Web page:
Graphic chart produced by the author using early version of MS Excel.
Graphic chart produced by the author using early version of MS Excel.

Also of interest was a 6.2 magnitude earthquake off the coast of central Chile, occurring on March 18, 2015. That quake was a likely aftershock to the 8.8 magnitude earthquake of February 27, 2010. The 6.2 magnitude event was listed as significant by the USGS, as was also a 6.2 magnitude earthquake in Colombia on March 10, 2015. This last earthquake was isolated, not near any other earthquakes during the last eleven years, but it was deep, over 150 kms deep (roughly 100 miles), so it was harmless, doing no damage to structures on the surface of the earth.

One quake of 6.15 magnitude was listed by the USGS as insignificant, but I disagree. It occurred on March 3, 2015, and was located off the west coast of Sumatra in the middle of a small seismic gap. This could potentially be a fore-shock to a much bigger earthquake in the 7.1-8.0 magnitude range.

One potential date for such a possibility would be on April 7, 2015. Another potential date is April 10, 2015, when I estimate that there is a 50% chance of a 6.5 magnitude or greater earthquake occurring somewhere in the world (possible locations given at the end of this hub).

Another possibility for April 2015—also not previously addressed in the “Earthquake Weather Report for April 2015”—is a potential earthquake on April 25, 2015 (most likely in or not far from Iceland). The reason that this possible event was not covered earlier was because it relates to the March 20, 2015 solar eclipse, which I should have paid closer attention to.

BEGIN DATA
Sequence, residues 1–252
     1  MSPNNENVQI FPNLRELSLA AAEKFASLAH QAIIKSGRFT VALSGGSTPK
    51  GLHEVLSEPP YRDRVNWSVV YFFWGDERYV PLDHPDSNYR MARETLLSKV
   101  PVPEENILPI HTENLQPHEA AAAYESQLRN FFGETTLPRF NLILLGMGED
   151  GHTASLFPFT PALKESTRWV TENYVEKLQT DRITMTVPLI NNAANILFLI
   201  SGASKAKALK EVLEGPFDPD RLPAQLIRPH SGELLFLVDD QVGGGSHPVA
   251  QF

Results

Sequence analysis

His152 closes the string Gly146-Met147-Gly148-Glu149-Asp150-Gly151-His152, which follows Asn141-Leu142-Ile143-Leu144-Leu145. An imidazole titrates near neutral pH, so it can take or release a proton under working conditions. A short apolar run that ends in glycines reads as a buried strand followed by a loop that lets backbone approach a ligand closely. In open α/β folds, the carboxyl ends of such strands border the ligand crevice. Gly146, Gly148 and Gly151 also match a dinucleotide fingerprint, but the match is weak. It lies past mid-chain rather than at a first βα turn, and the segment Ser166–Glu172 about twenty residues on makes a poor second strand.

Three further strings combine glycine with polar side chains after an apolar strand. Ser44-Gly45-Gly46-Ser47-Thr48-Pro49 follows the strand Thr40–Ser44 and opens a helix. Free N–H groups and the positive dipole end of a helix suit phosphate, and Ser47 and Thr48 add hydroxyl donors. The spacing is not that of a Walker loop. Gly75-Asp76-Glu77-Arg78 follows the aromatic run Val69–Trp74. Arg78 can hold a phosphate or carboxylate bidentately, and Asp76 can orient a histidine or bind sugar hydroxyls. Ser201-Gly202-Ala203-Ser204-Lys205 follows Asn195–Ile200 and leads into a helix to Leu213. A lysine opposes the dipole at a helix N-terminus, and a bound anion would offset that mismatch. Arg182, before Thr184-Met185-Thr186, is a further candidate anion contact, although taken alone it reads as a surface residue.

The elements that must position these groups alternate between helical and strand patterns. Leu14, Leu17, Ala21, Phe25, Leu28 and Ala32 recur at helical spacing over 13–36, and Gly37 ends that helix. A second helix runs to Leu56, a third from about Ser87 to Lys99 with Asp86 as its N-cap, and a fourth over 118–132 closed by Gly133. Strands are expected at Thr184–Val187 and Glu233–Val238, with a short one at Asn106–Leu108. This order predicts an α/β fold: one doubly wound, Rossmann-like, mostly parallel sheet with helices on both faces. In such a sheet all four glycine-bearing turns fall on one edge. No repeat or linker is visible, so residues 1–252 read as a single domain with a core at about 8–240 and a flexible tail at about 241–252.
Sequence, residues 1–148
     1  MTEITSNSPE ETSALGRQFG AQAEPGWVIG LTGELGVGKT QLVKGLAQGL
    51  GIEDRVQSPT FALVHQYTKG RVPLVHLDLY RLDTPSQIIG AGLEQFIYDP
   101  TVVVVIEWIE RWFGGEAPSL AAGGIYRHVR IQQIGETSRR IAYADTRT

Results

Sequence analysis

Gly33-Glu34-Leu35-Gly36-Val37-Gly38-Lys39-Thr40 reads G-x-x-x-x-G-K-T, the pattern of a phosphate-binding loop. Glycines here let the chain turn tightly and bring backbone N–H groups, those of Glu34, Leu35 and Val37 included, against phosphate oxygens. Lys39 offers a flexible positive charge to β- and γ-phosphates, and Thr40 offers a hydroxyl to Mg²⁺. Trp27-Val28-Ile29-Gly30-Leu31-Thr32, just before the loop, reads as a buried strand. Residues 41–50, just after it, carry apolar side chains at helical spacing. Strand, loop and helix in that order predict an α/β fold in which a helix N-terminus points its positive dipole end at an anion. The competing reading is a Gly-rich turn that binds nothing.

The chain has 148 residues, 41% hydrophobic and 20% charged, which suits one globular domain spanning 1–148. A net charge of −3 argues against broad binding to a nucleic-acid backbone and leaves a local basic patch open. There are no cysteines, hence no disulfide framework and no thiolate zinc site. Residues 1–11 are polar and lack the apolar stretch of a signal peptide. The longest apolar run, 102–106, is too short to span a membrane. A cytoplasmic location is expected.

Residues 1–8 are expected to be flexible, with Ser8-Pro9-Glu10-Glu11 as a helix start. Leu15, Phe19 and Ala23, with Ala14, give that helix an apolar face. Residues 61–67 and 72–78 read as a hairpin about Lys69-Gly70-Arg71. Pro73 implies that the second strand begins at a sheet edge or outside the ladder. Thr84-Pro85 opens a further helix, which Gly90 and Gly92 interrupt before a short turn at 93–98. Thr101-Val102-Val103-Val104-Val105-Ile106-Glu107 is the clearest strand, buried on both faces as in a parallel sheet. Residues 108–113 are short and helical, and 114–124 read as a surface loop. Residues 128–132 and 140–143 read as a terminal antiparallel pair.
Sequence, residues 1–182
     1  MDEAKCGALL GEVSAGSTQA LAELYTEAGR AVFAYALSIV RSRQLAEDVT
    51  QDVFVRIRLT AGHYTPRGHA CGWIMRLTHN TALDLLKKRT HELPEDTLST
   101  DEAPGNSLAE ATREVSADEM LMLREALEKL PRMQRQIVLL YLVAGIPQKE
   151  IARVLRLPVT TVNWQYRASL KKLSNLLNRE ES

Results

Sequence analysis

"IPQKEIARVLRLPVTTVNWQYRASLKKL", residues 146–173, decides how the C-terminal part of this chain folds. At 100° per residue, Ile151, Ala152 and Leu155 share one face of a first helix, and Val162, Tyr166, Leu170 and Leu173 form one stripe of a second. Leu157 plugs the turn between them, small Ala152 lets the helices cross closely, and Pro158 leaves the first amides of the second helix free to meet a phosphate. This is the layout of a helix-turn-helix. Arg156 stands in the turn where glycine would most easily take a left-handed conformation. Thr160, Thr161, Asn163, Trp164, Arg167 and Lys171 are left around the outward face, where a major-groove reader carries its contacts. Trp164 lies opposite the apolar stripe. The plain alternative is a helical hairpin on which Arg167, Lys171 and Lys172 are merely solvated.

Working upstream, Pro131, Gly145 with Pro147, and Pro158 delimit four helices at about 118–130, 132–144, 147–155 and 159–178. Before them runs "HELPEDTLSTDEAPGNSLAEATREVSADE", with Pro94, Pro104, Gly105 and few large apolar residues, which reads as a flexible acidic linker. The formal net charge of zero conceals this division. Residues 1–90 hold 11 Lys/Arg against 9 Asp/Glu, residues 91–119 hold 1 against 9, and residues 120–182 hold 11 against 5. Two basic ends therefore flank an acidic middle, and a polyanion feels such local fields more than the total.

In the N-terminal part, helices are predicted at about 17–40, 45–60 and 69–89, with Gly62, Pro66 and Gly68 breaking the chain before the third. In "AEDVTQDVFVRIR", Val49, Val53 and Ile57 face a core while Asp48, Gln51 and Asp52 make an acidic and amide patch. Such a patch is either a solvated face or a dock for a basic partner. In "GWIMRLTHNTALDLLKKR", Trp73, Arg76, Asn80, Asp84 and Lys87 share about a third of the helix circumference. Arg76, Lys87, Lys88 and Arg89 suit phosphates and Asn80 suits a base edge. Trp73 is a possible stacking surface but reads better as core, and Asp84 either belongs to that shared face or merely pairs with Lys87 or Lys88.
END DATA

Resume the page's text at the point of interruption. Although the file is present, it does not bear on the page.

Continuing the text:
My “Earthquake Weather Report for May 2015” should be published around the middle of April. Until then, here is an updated list of date ranges and potential epicenter locations for earthquakes in the targeted 6.8 magnitude or larger range:

2015-04/01, 0400UT – 04/03, 0000UT [44 hours]: Papua New Guinea, Solomon Islands, Pacific islands east of there and north of and including northern New Zealand.

2015-04/03, 0000UT – 04/04, 1800UT [42 hours]: China/Taiwan, Japan, Aleutians, western USA, New Zealand, Peru/Chile, Vanuatu, and New Caledonia. A very short lunar eclipse happens on 04/04 and may induce a significant earthquake in areas where the eclipse becomes total near the horizon (such as in Tokyo, Japan and Nabire, Pulau Papua).

2015-04/05, 1500UT – 04/13, 1200UT [7d21h]: China/Taiwan, Japan, Aleutians, western USA, Papua (Indonesia), New Zealand, Vanuatu, New Caledonia. On 04/07, there is a chance of an earthquake off the central west coast of Sumatra. On 04/10, there is a 50% chance of an earthquake, occurring somewhere in one of the above locations, during a 26 hour period centered on 1600UT.

2015-04/14, 1100UT – 04/16, 1800UT [55 hours]: Caribbean, China/Taiwan, Japan, Aleutians, western USA.

2015-04/18, 1500UT – 04/20 1200UT [45 hours]: Caribbean

2015-04/21, 1400UT – 04/22 0000UT [10 hours]: (PNG and/or Solomon Isls).

2015-04/24, 0300UT – 04/26, 1200UT [57 hours]: China/Taiwan, Japan, Aleutians, western USA, Caribbean. On 04/25, there is a larger than usual chance of a 6.8 magnitude or larger earthquake occurring in Iceland, or at least within 1,000kms of there.

2015-04/29, 1400UT – 04/30, 0600UT [16 hours]: Same as the last window (with the possible exception of Iceland).

© 2015 Joseph Ritrovato


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  • retrojoe profile image

    Joseph Ritrovato 2 years ago from Vancouver, WA (nextdoor to Portland, OR)

    Note for April forecast: Each of the windows in April 2015 should include Papua New Guinea and the Solomon Islands (as was underlined in my "Earthquake Weather Forecast for April 2015", published earlier).